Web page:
(449 - 1066 CE). Reliable evidence
of that period is extremely scarce. The story of the invasion is told
(673-735), a monastic scholar who wrote the first history of England.
The Old English
language (also called Anglo-Saxon) dates back to 449 CE. The
Celts had been living in England
when the Romans
invaded. Although they invaded twice, the Latin never
overtook the Celtic language. The
Romans finally left England
in 410 CE as the Roman Empire was collapsing, leaving the Celts
defenseless. Caesar attacked Britain for economic
reasons — to obtain tin ore,
pearls and corn, — and also for strategic
reasons, since rebels and refugees from
Gaul found support among their British kinsmen. Although Caesar
failed to subjugate Britain, Roman economic penetration to Britain
grew: traders and colonists from Rome came in large numbers to settle
in the south-eastern towns. In A.D. 43 Britain was again invaded by
Roman legions under Emperor Claudius, and towards the end of the
century was made a province of the Roman Empire.
Germanic tribes from the present-day
area of Denmark arrived. The four main tribes were the
Angles, Saxons, Jutes and Frisians.
These tribes set up seven kingdoms
called the Anglo-Saxon Heptarchy
that included: Mercia, Northumbria, Kent, Wessex, Sussex, Essex, and
East Anglia. Four dialects
were spoken in these kingdoms: West Saxon, Kentish, Mercian and
Northumbrian. The Celts
moved north to Scotland, west to Ireland and south to France, leaving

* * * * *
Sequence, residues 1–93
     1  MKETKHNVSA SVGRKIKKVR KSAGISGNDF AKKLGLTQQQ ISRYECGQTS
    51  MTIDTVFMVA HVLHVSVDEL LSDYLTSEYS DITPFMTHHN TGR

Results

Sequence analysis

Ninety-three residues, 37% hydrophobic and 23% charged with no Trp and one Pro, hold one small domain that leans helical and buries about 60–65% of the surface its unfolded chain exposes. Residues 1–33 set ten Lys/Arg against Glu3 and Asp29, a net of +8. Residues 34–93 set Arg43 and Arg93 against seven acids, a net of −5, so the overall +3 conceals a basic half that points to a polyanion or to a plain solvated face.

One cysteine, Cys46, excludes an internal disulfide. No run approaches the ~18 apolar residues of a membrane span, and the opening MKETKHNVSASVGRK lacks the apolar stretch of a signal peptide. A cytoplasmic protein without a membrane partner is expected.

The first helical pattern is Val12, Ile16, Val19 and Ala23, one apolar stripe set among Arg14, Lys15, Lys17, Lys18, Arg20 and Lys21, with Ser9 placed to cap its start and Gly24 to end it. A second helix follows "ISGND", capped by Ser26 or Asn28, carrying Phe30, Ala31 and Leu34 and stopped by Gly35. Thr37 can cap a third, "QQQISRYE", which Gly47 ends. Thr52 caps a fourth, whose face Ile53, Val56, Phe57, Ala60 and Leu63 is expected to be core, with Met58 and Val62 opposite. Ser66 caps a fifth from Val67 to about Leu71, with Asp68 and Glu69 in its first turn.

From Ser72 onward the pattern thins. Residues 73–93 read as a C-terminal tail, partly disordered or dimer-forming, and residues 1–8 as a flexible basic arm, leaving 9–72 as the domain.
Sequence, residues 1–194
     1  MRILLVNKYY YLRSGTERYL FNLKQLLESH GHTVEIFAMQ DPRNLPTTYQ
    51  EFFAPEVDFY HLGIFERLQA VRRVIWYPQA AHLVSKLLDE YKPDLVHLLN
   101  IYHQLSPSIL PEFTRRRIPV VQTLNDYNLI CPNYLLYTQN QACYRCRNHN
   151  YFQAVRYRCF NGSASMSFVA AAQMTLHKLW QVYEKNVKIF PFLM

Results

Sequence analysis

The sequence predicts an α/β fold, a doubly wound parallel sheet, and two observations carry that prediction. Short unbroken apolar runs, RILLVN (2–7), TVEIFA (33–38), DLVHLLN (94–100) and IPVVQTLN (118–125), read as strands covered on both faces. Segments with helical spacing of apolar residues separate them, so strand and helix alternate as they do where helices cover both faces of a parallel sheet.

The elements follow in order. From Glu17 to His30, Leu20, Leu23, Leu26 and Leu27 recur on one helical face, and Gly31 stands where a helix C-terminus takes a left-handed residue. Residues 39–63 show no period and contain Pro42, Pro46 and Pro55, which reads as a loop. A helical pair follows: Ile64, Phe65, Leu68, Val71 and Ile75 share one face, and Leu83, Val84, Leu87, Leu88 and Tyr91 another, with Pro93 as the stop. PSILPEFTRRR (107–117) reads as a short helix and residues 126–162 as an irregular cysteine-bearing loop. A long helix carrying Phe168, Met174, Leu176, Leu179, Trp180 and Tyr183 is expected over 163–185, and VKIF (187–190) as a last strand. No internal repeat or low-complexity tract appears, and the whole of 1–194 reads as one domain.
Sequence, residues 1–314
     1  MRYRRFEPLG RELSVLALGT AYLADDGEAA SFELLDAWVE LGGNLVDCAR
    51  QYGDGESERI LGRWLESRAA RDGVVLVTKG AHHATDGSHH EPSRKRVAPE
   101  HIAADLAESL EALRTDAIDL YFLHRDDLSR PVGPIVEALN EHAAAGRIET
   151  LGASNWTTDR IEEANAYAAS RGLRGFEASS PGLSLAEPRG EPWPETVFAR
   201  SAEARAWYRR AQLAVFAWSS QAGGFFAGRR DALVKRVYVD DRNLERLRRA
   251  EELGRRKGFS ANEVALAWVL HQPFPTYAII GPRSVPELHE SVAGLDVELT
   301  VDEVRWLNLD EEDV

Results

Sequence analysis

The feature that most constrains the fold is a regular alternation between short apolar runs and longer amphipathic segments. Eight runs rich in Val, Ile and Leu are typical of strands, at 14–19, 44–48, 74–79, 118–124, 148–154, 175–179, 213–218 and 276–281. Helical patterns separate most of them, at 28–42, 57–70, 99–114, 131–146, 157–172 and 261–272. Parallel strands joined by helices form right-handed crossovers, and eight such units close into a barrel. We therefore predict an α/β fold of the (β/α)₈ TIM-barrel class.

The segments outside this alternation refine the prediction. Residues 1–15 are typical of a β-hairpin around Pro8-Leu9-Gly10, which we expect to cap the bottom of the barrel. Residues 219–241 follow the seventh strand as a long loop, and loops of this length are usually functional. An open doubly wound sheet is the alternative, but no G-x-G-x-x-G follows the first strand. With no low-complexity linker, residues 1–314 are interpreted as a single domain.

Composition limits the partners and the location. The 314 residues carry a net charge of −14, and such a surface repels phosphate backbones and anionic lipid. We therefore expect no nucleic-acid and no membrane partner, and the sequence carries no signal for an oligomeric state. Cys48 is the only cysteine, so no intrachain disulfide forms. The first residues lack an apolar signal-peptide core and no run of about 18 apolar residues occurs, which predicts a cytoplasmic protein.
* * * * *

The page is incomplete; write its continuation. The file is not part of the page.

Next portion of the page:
the main area of Britain.
In 865 a 'Great
Army' of Danish Vikings invaded England. There were fierce battles
for several years. In the end the Vikings conquered all of northern,
central and eastern England, and seized much of the land for their
own farms. This area was called The
Vikings and Christianity England,
Scotland and Wales had been Christian countries for a long time. As
the years went by, most Vikings
living in Britain also became Christians. However, some continued to
follow their old religion at the same time.
Great was the king of Wessex from
871-899 while Wessex was the dominant kingdom. During his reign, he
united the kingdoms together and commissioned the Anglo-Saxon
chronicles, a historical record of important events in England.
Alfred also settled a truce with the Vikings who repeatedly invaded
the area. The Treaty of Wedmore was signed in 878 CE and this
"Danelaw" gave the northeast half of England to the Danes
for structured settlement. However, because the languages were so
similar, the Danes quickly
assimilated and intermarried into
the English society.
The most important force in shaping Old English was its Germanic
heritage in its vocabulary,
sentence structure and grammar, which it shared with its related
languages in continental Europe. Like other Germanic languages of the
period, Old English was fully
inflected with five
(nominative, accusative, genitive, dative, and instrumental), which
had dual plural
forms. It also assigned gender
to all nouns, including those that describe inanimate objects.